What if I asked you which is better: 2 or 7? Your answer would most likely be “it depends.” That’s because those numbers by themselves don’t tell us very much. If we’re talking about the number of revisions your editor made you do before your book was ready to go, then clearly two sounds better than seven. On the other hand, if we’re talking about the number of zeros on your advance check then seven sure sounds a whole lot better two. Unless we have context, we have no idea what the numbers mean, which brings me to the next point.

3) Avoid vanity metrics.

Some numbers look good on the surface but don’t mean much in terms of results. These are called vanity metrics because the only thing they’re good for is pumping up our egos.

Web analytics can often be misinterpreted as vanity metrics so it’s important to make sense of what those numbers mean. For instance, suppose your author website gets 100,000 hits per day but only ten of those people click through to the page where they can purchase your book. All that traffic is well and good but only .01% of that traffic is converting into actual book sales.┬á On the other hand, if you get 100 hits on your site per day and ten of them sign up for your mailing list, you’re getting a 10% conversion rate. Now, I don’t know about you, but I’d much rather have 10% of the visitors to my site become loyal readers than .01%, don’t you agree?

Word count can be another vanity metric for many writers. I’ve known a few writers–extremely talented writers–who produce story after story, always coming up with a “great new project” but rarely following through and submitting a piece. Yes, it’s great to squelch your inner critic and write drafts with abandon, but part of being a writer is also seeing a project through to the end. If year after year your word count and number of unfinished projects keeps increasing but your number of queries and submissions stays dangerously close to zero, you may be using word count as a vanity metric. If that’s the case, it may be time to have a heart-to-heart with yourself so you can figure out what’s holding you back from following through on a project.

4) Focus on progress and process.

In our culture, there’s a tendency to go through life always wanting more. More money. More vacation time. More gadgets. More stuff. More.

No matter how much you achieve, there is always going to be “more” you can do, and that’s a good thing. After all, if there was a finish line, a point where we could say we’ve done everything we wanted to do, it might seem nice for about five minutes, but after a while most of us would become extremely bored. “More” is great at keeping us moving forward, giving us a purpose or a goal. It’s great to keep striving for more, pushing yourself to improve and grow. Just don’t let “more” become the end-goal because that’s a battle you’re never going to win.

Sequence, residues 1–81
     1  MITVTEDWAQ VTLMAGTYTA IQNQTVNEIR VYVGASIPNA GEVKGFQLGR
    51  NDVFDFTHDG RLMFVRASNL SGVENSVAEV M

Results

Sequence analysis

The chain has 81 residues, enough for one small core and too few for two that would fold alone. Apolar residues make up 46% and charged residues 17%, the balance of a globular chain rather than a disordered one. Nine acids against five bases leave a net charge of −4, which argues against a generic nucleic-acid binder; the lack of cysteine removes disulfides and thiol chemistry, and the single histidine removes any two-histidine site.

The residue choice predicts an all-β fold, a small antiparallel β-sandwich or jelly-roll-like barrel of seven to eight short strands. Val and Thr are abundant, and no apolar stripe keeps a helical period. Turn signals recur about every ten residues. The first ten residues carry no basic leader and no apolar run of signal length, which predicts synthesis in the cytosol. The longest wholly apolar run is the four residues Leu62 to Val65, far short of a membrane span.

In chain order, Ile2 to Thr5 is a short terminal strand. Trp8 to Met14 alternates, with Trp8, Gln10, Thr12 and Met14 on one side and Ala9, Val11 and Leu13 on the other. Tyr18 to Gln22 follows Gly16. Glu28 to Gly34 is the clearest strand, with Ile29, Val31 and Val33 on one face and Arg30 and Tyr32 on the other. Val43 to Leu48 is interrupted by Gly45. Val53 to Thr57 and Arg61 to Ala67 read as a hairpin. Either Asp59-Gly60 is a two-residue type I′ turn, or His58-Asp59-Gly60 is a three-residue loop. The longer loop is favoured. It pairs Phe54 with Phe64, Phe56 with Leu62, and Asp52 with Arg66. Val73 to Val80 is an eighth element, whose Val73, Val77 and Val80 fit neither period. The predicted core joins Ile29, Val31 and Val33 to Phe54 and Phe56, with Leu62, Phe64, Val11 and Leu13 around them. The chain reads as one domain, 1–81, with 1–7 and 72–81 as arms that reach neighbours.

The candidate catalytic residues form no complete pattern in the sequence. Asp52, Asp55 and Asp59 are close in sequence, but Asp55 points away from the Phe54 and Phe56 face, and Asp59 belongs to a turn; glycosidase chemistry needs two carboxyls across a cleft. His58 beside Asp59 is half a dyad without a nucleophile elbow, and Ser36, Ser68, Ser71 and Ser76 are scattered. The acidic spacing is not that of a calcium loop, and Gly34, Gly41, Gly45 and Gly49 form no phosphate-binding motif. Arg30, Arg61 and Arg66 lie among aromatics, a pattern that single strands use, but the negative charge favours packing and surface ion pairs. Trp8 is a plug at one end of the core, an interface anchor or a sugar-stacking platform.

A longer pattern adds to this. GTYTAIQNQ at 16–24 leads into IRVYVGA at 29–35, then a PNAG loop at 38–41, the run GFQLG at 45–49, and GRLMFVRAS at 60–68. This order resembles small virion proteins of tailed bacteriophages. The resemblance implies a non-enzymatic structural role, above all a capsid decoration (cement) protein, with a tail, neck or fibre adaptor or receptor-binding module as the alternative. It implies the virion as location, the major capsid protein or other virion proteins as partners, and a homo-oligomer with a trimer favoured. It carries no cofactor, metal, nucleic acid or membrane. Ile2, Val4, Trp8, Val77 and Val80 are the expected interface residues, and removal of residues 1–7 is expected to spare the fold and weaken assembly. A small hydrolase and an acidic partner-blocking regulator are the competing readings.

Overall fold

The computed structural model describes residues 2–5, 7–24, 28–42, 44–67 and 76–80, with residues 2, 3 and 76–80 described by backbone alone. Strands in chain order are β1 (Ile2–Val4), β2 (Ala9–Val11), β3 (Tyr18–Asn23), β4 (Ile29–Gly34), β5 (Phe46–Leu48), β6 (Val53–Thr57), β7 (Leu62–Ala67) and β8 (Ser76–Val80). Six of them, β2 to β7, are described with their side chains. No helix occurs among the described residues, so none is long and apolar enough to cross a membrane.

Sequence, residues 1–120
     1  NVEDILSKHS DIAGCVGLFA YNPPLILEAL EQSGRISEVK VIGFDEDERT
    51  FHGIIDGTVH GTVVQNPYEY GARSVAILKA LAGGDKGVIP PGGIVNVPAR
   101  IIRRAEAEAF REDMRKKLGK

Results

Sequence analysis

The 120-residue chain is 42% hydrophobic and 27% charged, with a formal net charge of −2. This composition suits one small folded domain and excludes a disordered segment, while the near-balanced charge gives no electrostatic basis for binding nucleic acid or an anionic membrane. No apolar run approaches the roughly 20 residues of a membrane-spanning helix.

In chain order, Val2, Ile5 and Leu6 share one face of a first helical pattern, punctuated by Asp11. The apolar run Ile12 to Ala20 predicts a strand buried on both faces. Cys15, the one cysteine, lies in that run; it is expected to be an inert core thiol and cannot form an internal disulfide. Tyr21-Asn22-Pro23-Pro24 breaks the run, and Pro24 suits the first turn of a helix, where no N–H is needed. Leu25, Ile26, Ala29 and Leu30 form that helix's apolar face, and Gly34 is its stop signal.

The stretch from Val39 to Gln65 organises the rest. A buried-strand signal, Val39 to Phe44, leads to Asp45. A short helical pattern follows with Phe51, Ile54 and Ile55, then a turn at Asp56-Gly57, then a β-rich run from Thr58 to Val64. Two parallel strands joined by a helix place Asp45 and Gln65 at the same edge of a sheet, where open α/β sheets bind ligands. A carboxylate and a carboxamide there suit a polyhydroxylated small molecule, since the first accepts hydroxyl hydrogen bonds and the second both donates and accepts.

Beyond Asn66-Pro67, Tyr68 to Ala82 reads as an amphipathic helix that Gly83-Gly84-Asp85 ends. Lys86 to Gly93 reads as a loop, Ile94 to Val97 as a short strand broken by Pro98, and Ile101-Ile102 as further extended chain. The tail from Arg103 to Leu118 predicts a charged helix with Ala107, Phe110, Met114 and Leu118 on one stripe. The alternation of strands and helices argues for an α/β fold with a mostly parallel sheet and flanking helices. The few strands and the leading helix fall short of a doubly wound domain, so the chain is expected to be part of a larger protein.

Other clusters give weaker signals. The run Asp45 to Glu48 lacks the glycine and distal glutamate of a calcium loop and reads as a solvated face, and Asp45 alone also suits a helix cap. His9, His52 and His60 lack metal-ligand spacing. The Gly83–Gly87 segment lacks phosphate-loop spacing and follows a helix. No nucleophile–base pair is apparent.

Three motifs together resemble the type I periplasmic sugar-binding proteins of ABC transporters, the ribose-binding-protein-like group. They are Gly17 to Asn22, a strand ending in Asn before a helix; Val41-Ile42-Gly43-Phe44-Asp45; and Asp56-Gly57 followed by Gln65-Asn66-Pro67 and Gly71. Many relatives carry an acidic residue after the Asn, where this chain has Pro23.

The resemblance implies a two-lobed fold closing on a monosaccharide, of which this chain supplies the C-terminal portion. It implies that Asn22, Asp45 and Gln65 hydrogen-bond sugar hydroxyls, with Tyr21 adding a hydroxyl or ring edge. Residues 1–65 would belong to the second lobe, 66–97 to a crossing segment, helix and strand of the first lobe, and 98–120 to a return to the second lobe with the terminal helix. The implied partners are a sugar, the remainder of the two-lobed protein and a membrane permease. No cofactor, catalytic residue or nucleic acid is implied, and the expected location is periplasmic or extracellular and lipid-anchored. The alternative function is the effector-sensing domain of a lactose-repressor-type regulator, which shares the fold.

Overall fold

It’s easy to focus on the things you haven’t done, the goals you haven’t yet reached, but every so often you need to take time to look back on the progress that you’ve made. Progress may not always be obvious, especially if you’re comparing where you are now to where you were five minutes ago. Track your progress periodically but also make sure you allow time between each “check-point” so you can actually see the improvements.

Also, make sure you consider not just the things you’ve accomplished, but also the mistakes you avoided or missteps you recovered from. Sometimes we focus so much on achievements, but bouncing back from failure is as important, if not more so. Creative success is not just about achieving better, it’s about failing better as well.

Remember: You Are Enough.

Most people (particularly those who are highly motivated and self-driven) tend to obsess over doing “enough.” As with the quest for that ever-elusive “more,” it’s easy to obsess about being good “enough” or strong “enough” or talented “enough” to find success. Remember: you are enough. And I don’t mean you’ll be enough once you finish that draft, or once you’ve published your book, or whatever. You are enough. Right here, right now, and exactly the way you are.